What It’s Like To Ski Nearly Blind

Racing an Olympic ski run at 70 miles per hour is a frightening prospect for the best athletes. Now imagine doing it nearly blind. That’s what Millie Knight, a world champion British Paralympic skier with only 5% of her vision, does. Knight lost most of her sight in one eye when she was 3 and the other eye when she was 6. This hasn’t stopped her from pursuing skiing at the elite level. At 22, she is one of the most decorated Paralympic skiers in the world, having won World Cups and other world championships. She is going to compete in her third Paralympic Winter Games in March.

Getty Images / David M. Bennett

Knight skis with the help of her sighted guide, Brett Wild, who wears bright orange, allowing her to pick up a flicker of his movement. Wild is himself a former ski racer for Scotland and a submariner for the Navy, who released him for a few years to guide Knight. Wild issues Knight verbal commands, warnings and instructions through Bluetooth headsets that they both have inside of their helmets. She also follows the sounds of his skis. Knight says that she skis with her ears, and admits that it is still quite scary for her since she is reliant on another person and can’t see much of anything herself.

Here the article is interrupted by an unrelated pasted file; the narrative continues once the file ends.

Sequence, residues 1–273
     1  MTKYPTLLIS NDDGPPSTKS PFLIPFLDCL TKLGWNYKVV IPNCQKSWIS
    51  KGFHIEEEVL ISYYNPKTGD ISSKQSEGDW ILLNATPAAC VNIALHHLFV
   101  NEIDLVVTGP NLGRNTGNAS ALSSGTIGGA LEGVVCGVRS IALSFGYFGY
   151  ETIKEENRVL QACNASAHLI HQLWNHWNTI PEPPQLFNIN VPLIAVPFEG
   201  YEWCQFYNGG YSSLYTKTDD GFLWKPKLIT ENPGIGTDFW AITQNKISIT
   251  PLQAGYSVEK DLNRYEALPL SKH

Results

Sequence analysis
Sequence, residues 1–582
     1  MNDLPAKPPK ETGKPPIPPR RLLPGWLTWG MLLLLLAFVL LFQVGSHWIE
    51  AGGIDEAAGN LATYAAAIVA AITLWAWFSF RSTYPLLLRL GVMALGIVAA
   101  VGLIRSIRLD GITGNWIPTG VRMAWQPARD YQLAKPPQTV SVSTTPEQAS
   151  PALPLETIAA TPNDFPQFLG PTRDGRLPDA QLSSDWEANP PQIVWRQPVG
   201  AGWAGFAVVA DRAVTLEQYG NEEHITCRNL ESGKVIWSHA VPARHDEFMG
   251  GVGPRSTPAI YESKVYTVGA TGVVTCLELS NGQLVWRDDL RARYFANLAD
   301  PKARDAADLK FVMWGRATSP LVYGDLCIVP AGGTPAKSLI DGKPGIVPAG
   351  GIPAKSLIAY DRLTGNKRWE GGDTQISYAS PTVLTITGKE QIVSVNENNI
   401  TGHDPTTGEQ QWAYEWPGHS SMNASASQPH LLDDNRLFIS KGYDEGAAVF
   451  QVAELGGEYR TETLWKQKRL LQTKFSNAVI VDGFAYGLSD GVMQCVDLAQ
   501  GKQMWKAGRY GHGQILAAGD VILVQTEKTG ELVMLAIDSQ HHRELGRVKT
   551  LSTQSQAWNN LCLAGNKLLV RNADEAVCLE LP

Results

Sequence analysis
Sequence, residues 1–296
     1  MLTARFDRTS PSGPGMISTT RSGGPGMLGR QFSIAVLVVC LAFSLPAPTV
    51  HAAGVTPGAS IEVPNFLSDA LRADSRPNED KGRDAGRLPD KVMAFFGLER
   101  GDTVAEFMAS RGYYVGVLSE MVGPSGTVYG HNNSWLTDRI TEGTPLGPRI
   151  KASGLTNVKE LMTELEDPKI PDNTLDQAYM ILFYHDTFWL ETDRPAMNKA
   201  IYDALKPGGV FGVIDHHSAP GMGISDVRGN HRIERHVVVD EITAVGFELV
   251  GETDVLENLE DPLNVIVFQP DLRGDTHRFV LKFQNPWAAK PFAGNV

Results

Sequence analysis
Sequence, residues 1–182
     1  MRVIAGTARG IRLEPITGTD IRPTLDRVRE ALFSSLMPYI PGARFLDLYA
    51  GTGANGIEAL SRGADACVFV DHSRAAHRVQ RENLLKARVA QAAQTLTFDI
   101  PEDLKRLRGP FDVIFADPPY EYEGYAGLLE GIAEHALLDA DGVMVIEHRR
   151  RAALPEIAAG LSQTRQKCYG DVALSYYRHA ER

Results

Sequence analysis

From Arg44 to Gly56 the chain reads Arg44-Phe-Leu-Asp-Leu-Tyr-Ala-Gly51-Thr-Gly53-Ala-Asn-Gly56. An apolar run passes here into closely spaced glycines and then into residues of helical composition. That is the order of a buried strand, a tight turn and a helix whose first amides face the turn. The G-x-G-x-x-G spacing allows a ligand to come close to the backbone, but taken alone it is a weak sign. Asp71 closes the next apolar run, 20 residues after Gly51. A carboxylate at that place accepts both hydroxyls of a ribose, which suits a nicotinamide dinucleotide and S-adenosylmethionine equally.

Knight has never crashed during a run but has after the finish line, sustaining a concussion and dislocating her jaw. She has gone through a lot both in terms of physical injury and especially mental blocks. She says that the fear of crashing, far more than the physical injuries, has been difficult to overcome and is something that she is continuously working on. However, Knight maintains a positive attitude and has persisted with the sport, seeking to prove to everyone, but especially to herself, that she can do this.

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